the fluorides are why i stick to pure LFS in my plants and try to stay with atleast some live stuff in the mix.
currently all of my temperates are frozen completely solid since out of nowhere we got a huge winter chill that came through, hit around 7ºF last night here which is rather rare for our area especially at this time of the year...


Iea100s, in my opinion, it definitely looks like a humidity and a heat issue,
How are you growing this plant? When did you receive it?
ive grown cobras for a couple years now, and i have to say they definitely dont like dry air and heat, if its too hot, considering refrigerating the RO water you use for the plants, or even put icecubes in the media.
But it definitely needs to get out of that peat, problem with Cobras is that they usually dont respond too well to being repotted, i havent had problem, but i use LFS so i just simply take the plant with the current LFS and put it in new LFS in a bigger pot....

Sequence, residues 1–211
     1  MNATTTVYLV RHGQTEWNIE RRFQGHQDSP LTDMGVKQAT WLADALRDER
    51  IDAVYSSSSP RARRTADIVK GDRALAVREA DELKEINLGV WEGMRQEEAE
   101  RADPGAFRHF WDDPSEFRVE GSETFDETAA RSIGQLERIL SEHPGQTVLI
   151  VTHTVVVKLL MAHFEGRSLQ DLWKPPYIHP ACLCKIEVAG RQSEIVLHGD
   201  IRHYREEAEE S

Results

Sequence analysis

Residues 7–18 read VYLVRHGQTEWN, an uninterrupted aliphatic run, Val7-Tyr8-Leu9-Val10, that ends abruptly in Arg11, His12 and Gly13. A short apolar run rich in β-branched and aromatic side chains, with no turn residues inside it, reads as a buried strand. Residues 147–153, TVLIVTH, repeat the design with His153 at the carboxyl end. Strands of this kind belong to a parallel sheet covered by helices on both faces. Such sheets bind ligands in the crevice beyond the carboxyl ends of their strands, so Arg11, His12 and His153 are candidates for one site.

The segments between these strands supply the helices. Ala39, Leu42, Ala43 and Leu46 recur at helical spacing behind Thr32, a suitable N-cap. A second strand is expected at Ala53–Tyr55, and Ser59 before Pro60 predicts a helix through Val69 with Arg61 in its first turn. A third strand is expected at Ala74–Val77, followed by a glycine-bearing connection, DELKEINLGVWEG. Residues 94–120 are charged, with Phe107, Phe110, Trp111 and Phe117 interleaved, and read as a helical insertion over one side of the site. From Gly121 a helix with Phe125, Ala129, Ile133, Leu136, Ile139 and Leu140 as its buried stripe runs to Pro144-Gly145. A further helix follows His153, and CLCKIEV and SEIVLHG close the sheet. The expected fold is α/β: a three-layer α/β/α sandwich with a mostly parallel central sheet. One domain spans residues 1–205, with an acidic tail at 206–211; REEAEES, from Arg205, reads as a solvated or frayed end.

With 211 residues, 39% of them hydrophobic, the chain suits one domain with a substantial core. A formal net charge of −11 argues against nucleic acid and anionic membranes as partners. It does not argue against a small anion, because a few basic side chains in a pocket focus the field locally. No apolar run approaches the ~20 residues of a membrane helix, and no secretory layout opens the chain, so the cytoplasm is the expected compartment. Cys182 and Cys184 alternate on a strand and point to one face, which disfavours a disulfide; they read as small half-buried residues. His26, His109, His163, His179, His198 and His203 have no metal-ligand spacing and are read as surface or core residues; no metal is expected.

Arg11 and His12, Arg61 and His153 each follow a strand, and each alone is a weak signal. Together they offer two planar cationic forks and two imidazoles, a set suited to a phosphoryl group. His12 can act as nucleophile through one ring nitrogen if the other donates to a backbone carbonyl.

Joined
Jun 6, 2008
Messages
3,014
Location
SF, CA
I had not heard about either Darlingtonia's sensitivity to -- nor perlite's concentration of fluoride and have successfully used it in my mixes (along with some pumice) for years . . .
 

ieat100s

Cephalotus June 2009
Joined
Aug 4, 2009
Messages
93
Location
Sewanee, TN Zone 7
I got this plant from Lowes. I took it out of the death cube and put it by my window, because it was about 40 degrees F. that day. Then it started to look all shirveled up, so I gave it some water. Its looked this way for the past week. I really need some help on this species, as you can see.
 

w03

Joined
Nov 4, 2009
Messages
527
Location
Nashville, TN
I do not have any experience with this species, but most plants from Lowe's will suffer major humidity shock if taken out of the cube suddenly.
 

seedjar

Let's positive thinking!
Joined
Dec 11, 2004
Messages
4,067